Hospitals & Health Systems Need Clear, Actionable Information on System Performance Issues
Dr. Smart wondered: ‘are the slowness and disconnects I experience random or is there a pattern of performance issues with our PMS? Seemingly on the same days and times week after week?’ If only the IT staff responsible for supporting these systems could pinpoint the exact root cause of these issues? Or, even better, proactively identify and resolve issues before doctors and other users are impacted? How would patient care improve and how much money could be saved?
5:00 p.m. – 9:00 p.m. – An Evening at Home Catching Up Using Remote Access
Remember the end user experience issues Dr. Smart had to deal with while doing her rounds at Local Community Hospital? As well as those imaging orders that she was unable to enter at her clinic? How about all the time she lost due to poor application response times? Well, those tasks had to be completed somewhere by someone, and that would be by Dr. Smart at her home office in the evening. Hopefully, the applications she has to access remotely are available and operating faster than earlier in the day.
5 Minutes Here, 10 Minutes There – Pretty Soon Patient Care is Delayed & Costs Increase
In her ten-hour day providing patient care at her clinic and the Local Community Hospital, Dr. Smart calculates that she lost over two hours of her valuable time just trying to access key software resources and perform the day-to-day duties of her job. And these delays associated with logging in, the logon process and session performance were not unique to her this day only but often occur in similar form nearly every day of the week.
All of these preventable interruptions were related to common technology issues that might easily be addressed by low-cost end user experience monitoring and management products currently available.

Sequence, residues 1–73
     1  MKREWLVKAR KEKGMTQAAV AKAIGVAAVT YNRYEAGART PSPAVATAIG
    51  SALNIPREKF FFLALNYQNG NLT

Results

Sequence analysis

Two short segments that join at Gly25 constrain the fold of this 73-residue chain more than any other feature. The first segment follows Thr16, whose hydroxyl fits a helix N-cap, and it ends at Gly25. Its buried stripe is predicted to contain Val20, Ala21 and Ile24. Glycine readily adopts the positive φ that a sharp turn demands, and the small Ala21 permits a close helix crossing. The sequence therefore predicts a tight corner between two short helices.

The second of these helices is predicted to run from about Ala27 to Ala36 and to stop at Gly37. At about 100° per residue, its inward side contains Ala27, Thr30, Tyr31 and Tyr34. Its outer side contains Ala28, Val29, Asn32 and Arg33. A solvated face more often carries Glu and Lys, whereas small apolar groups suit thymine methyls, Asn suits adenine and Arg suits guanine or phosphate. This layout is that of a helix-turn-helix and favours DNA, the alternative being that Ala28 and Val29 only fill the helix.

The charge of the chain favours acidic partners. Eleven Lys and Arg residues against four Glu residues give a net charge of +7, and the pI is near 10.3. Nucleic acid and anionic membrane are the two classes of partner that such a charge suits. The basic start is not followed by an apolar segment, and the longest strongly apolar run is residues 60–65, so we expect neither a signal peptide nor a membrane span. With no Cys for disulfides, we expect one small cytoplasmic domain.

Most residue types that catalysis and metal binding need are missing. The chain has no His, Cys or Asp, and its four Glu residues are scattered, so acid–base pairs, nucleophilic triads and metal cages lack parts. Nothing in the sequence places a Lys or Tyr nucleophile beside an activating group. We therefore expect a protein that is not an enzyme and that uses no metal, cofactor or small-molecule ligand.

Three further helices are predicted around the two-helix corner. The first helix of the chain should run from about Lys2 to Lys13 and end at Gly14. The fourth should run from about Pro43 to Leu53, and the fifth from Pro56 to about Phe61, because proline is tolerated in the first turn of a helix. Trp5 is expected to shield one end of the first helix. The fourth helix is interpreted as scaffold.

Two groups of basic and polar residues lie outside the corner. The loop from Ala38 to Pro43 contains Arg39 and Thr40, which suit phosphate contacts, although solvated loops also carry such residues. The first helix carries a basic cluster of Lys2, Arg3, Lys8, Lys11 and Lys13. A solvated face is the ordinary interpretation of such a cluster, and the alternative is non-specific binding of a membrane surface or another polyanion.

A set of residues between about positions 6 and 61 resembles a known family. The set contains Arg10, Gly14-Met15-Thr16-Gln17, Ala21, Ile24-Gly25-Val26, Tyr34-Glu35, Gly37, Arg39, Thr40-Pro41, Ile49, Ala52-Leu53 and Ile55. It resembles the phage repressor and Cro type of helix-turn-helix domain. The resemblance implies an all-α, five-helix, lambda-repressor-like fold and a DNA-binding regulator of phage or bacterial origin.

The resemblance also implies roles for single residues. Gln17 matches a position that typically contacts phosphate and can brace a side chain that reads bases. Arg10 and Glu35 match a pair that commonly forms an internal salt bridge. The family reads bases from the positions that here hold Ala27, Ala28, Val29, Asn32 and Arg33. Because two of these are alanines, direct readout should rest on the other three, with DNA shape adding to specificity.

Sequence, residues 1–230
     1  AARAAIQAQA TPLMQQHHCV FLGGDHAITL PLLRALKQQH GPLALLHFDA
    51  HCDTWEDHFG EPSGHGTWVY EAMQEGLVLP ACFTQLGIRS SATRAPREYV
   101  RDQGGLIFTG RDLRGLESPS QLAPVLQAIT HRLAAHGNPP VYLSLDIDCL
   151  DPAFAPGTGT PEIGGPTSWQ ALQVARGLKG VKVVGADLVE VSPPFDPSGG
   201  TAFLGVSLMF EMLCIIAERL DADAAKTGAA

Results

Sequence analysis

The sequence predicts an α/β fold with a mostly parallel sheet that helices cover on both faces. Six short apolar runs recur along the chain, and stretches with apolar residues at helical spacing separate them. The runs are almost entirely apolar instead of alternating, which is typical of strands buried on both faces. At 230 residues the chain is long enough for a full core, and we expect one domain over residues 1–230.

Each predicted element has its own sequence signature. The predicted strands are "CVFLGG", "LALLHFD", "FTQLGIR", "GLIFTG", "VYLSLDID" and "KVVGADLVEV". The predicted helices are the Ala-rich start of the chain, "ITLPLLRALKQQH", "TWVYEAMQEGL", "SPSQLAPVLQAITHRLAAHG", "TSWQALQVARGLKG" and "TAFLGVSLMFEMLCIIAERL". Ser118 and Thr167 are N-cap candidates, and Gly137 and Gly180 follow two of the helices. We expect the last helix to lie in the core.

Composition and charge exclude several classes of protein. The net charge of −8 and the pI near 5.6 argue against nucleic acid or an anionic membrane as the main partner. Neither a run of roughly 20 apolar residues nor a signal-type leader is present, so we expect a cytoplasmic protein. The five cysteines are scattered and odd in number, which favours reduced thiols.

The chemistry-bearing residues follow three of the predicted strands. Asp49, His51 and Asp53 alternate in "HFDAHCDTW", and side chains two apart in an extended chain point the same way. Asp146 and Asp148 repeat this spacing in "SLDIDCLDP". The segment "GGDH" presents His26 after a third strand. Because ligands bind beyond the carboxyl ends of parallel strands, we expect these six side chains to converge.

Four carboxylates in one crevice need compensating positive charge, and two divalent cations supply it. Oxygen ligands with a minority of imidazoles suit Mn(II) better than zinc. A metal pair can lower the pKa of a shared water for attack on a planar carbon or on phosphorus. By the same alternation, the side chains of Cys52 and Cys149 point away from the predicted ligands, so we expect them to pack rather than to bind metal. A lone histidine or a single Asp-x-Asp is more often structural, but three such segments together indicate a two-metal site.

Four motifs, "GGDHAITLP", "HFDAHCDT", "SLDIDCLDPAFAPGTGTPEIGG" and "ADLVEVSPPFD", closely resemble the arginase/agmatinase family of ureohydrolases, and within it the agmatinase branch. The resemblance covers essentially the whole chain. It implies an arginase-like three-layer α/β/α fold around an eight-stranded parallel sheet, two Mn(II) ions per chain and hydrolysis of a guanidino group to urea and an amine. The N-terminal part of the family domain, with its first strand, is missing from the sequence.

Identifying EHR End User Experience Issues Protects Hospital Software Investments
The good news for Dr. Smart and other healthcare professionals is that some hospitals, health systems and the information technology (IT) staff supporting them are starting to take a proactive approach toward identifying end user experience issues before they occur.
Some healthcare organizations are developing software utilities in-house but that approach is limited, must be maintained as end-user systems and applications change, and consumes critical IT resources. Other hospitals and health systems are using applications and features tightly bundled with their server, application and desktop virtualization and networking software – like Citrix and/or VMware. But these solutions are limited to their specific product sets and are not specifically designed for the healthcare applications that end-users like Dr. Smart use throughout their day.